January 20, 2017 at 1:35 am
I recently filmed a ton of footage that turned out to have a strobe like effect on the GH4. It was all reasonably slow movement, it’s not like I was panning super fast. I originally assumed that it was a shutter speed issue, although I never actually changed anything out of the box… so the preset should have had me covered.
However, it turns out that a ton of people are having jittery 4k footage, and one of them said that the problem was solved by simply using 29.97 frame rate…
I think it’s all a little odd… I was in the Cinema D settings, in which only 24 p was available… and have now switched to 29.97 in the NTSC settings. I’m hoping that this helps with playback.
I’m using a ridiculously powerful mac pro… so it’s not the computer. I’m using VLC and premiere, so it’s not the code.
Why do you guys think that this Cine-like D and 24p footage is coming out crappy and strobey? I feel like i’m about to have a seizure!
January 25, 2017 at 3:56 pm
It depends on what your content is about. If it is non-dramatic and unscripted (docs, events, sports) are perfect examples), I always use 29.97P or 60P. 23.976 or 24P are more for scripted or planned shoot where you can control your camera movement and reduce the jitter. It is not a good thing to shoot in 29.97 and down convert it to 23.976 in editing. I had to learn the hard way when my content was submitted to Netflix for qc approval and it was rejected. Keep everything in the same frame rate (don’t mix and match 24, 25, 29.97, 60p) with the exception of 120-240fps+ where you can slow down to your timeline’s.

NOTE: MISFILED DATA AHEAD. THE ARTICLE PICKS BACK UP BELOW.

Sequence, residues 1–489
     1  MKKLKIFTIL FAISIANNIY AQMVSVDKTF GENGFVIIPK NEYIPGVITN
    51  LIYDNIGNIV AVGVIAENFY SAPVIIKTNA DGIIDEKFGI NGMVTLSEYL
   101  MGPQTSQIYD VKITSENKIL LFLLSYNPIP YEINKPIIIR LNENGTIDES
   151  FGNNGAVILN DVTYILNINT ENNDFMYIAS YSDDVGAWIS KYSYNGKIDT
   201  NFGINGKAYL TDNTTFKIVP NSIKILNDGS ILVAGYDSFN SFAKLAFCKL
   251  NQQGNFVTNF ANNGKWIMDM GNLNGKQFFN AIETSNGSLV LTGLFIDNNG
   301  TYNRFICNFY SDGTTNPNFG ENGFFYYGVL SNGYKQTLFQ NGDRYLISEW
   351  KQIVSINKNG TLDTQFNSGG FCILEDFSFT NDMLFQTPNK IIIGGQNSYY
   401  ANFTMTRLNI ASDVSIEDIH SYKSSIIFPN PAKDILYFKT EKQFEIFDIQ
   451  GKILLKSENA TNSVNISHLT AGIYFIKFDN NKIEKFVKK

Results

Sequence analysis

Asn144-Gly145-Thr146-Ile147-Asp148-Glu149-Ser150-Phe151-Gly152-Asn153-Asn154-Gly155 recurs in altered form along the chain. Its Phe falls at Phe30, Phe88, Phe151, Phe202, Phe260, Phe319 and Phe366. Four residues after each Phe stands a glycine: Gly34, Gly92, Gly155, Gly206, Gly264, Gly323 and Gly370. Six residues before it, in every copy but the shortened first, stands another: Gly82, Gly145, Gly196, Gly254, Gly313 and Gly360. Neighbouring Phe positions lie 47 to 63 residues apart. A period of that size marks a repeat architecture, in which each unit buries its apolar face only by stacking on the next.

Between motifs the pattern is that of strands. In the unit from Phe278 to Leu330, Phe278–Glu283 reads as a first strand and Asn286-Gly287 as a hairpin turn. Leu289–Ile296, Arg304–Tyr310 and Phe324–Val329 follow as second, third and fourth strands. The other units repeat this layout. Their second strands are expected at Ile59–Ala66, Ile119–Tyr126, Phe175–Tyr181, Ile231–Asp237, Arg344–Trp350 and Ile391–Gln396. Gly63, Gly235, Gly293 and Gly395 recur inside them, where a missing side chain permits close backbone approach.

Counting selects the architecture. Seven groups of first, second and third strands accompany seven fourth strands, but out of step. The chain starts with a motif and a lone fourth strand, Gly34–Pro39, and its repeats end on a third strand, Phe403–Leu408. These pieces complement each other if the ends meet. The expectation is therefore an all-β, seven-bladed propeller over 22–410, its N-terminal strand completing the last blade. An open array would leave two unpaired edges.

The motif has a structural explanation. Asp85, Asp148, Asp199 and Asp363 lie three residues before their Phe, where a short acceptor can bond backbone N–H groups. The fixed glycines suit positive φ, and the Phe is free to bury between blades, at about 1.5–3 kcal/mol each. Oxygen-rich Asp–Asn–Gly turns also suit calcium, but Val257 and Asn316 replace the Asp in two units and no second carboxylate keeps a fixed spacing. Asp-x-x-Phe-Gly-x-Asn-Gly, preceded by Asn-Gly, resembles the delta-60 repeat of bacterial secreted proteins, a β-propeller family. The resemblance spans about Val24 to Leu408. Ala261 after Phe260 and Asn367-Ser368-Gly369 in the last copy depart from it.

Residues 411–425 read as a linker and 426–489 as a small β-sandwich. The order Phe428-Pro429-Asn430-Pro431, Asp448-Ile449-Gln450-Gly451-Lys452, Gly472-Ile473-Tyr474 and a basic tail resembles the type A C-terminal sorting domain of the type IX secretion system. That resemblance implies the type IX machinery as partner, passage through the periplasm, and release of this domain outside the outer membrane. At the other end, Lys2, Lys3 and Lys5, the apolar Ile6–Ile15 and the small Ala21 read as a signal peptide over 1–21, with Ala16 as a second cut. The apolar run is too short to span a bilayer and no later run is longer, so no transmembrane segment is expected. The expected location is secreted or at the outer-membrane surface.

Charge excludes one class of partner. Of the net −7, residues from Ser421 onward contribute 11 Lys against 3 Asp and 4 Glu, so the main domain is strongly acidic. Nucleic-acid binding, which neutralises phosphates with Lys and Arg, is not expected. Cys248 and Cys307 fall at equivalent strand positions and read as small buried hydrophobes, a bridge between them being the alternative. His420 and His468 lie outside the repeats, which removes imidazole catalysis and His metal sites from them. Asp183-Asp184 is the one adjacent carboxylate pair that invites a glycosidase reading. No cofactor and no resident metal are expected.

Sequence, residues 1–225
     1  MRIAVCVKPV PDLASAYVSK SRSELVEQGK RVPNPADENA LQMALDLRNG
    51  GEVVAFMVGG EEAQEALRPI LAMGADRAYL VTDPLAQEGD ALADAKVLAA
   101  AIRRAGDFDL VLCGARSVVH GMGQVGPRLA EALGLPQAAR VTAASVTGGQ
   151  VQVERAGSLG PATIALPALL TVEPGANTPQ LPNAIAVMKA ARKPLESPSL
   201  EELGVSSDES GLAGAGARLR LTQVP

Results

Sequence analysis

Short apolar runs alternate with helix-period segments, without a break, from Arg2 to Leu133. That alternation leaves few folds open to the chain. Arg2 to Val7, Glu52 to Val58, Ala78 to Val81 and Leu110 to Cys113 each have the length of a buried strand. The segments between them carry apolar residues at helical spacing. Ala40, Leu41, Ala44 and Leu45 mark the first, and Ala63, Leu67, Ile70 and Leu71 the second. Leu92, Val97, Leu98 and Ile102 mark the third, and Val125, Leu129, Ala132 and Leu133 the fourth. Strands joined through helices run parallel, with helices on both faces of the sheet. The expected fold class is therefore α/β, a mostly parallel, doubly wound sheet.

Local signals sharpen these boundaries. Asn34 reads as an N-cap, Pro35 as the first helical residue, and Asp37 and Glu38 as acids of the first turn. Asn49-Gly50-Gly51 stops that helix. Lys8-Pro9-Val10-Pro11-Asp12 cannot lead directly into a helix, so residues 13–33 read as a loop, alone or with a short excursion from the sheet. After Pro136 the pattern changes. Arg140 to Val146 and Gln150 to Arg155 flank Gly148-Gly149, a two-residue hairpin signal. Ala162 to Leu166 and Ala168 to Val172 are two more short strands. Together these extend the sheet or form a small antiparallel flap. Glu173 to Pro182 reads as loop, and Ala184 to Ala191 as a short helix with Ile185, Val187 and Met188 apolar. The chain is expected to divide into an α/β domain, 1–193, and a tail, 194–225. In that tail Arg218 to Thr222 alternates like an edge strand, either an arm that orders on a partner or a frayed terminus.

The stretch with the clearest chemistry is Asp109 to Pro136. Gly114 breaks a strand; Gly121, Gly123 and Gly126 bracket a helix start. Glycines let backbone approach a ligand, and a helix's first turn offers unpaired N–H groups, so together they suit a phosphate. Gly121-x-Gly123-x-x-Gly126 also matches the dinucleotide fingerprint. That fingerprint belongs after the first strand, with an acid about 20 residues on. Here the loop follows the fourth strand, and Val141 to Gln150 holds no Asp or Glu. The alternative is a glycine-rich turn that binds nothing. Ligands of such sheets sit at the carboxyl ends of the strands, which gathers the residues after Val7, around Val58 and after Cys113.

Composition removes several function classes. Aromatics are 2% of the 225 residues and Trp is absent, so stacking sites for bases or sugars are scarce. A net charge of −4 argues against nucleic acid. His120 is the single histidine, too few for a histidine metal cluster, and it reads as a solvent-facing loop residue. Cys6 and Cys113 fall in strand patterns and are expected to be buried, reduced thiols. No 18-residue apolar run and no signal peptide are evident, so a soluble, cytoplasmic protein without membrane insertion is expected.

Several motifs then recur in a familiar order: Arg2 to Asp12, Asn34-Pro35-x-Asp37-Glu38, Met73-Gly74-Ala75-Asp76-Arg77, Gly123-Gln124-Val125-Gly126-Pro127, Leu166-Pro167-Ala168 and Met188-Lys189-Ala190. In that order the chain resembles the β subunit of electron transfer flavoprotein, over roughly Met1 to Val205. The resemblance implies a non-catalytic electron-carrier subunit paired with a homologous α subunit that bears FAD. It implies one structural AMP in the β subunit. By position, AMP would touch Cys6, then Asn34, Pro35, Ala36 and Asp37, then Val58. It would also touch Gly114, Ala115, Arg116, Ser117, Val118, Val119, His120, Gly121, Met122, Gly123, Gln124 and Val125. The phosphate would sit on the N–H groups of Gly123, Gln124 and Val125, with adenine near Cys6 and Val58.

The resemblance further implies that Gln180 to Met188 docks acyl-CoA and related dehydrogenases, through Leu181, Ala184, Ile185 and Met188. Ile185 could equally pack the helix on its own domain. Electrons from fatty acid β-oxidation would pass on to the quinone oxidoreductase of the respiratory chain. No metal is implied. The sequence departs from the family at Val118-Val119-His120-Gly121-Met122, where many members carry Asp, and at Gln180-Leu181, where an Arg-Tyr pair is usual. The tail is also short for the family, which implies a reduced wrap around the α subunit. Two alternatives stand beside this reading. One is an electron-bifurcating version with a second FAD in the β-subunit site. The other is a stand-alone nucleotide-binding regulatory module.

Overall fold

January 25, 2017 at 4:03 pm
That’s interesting about netflix… I always assumed that I would be fine exporting in 24p with perhaps the occasional frame discrepancy.
I should have shot it in 29.97 but I wasn’t on the NTSC format, so it wasn’t an option. I was brand new to the camera, and didn’t know that i had to switch frequencies to unlock different frame rates, so I just said ‘screw it’ and banged it out in 24p.
It was actually a ‘how to’ series on butchering deer… which I didn’t think had enough movement to create a noticible strobe effect. I also should have checked out the shutter speed, but figured it would have been fine considering I was just using presets.
In any event, I suppose now it’s time to find the filter in AE which will allow me to fix this!
January 25, 2017 at 5:24 pm
If you ever plan to produce or provide content for either Amazon or Netflix, all of your editing frame rates and video quality must be up to the highest standards. Any visible video artifacts (compression is one of the most common) will be denied. One time I submitted a content with mixed 23.976 and 29.97 and it was rejected. The ratio was 60% 23.976p and 40% 29.97p. Interlace and progressive scan must be also correctly treated as well. Best to keep all progressive or interlace. Don’t mix here and there. It’s very tough and unpleasant. But you have to comply. From this experience, frame rate consistency is the utmost importance (one of the fundamental qc parameters). They may let you get away with 5-10 seconds max for the entire episode. Their $100K+ automated qc system will detect any cadence pattern changes and so forth. Plus about 200 other potential video flaws – such as color banding (arising from UHD-HD downconversion), ghosting artifacts, field dominance error, etc…